The cultural background of Bangladesh is diverse. The original inhabitants of this area were pre-Aryan. After words, they were influenced by Aryan thoughts. Again this culture is influenced by the ingredients of Muslim culture of Turkey, Arab, Iran and Middle-Asia. Lastly, with the arrival of the Europeans especially the British, A different cultural trend was set. In this way, in course of time, our culture gradually developed with the essence of defferent cultures. If we want to be introduced to our cultural background, we need to take resort to foreigners. Because of the climatic condition of Bangladesh, it was not possible to preserve the history of cultural life. So, we have to find out our cultural entity in the Kamasutra by Batsayan, Brihat Sanghita by Baraha Mihir, in Chenakya, Kalidas etc.
Historical Development of the culture of Bangladesh:
From historical point of view the culture of Bangladesh can be defided into some categories.
The origin of culture (From Pal Regime to Turkish Conquest):
Australoid, Dravid, Mongoloid and Negrito were the main among the pre-Aryan inhabitants. Each of these races has its distinctive archaeological and cultural identity. There are difference between their creed and mode of life. Both matriarchal and patriarchic system prevailed. Their economic base was dependent on agro-based economic development and cottage industry.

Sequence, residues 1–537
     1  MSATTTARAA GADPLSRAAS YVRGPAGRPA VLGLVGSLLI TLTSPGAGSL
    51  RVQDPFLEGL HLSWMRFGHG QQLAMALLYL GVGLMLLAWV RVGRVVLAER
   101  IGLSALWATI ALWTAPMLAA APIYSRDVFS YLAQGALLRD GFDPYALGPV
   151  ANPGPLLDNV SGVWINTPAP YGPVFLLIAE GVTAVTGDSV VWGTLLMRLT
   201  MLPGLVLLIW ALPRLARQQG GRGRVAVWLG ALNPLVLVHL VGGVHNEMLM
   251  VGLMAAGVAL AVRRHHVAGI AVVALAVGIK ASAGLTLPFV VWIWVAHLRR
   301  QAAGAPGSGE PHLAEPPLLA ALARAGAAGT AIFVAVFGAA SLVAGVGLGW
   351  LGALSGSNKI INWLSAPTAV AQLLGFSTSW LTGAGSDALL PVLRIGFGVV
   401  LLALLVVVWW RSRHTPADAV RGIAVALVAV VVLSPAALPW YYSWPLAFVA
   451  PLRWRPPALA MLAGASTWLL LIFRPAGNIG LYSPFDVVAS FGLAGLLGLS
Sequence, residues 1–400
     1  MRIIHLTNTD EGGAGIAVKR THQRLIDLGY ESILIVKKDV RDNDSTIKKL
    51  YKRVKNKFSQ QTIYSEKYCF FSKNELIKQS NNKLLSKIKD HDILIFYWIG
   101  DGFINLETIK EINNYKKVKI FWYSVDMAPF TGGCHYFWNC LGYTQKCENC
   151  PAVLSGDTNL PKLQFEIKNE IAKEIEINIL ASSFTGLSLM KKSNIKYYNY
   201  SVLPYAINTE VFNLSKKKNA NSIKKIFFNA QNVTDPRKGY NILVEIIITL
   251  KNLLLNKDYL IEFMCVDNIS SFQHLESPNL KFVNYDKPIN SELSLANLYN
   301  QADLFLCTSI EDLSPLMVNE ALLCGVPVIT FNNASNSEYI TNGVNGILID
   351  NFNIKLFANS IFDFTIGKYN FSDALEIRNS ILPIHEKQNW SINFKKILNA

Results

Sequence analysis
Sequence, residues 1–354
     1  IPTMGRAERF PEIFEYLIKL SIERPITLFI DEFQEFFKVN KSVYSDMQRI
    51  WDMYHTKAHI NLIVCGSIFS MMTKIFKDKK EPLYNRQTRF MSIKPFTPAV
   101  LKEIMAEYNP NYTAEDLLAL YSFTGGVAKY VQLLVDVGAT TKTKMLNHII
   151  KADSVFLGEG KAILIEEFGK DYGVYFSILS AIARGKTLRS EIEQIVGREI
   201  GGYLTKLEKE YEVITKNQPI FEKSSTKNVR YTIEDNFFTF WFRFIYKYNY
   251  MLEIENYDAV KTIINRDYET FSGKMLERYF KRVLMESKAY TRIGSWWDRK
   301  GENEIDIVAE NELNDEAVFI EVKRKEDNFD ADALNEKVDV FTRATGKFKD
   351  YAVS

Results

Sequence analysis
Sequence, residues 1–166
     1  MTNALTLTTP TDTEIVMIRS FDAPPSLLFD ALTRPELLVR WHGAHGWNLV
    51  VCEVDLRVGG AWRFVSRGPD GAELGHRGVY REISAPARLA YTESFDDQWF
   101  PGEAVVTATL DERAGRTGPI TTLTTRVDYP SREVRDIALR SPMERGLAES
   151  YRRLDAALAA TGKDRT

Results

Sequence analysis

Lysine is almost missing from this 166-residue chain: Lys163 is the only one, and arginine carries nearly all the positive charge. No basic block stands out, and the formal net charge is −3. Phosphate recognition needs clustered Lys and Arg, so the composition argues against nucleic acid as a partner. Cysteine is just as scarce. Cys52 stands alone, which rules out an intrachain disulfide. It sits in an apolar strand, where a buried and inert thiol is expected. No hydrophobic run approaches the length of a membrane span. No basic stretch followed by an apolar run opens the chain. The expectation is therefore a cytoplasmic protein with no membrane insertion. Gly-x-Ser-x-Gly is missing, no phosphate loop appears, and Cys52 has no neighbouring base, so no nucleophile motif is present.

We can get the continuous history of our cultural activities from the reign of Pal Dynasty. Under the auspices of Pal Kings Bangladesh occupies a glorious place in the international Buddhist arena through some Buddhist societies and Buddhist Bihar. There are signs of culture and civilization at Mynamari, Pharpur, Mohasthangar etc. which are the original source of our cultural heritage.
During the reign of Sen Dynasty culture was influenced by Brahmanism.
Culture of Bangladesh in the middle age (Muslim rein):